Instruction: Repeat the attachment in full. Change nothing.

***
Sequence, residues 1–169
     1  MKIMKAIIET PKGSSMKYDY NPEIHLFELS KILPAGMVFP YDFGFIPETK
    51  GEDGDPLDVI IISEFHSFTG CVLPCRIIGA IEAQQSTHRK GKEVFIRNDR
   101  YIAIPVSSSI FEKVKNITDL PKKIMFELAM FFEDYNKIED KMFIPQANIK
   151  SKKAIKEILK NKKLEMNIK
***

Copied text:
Sequence, residues 1–169
     1  MKIMKAIIET PKGSSMKYDY NPEIHLFELS KILPAGMVFP YDFGFIPETK
    51  GEDGDPLDVI IISEFHSFTG CVLPCRIIGA IEAQQSTHRK GKEVFIRNDR
   101  YIAIPVSSSI FEKVKNITDL PKKIMFELAM FFEDYNKIED KMFIPQANIK
   151  SKKAIKEILK NKKLEMNIK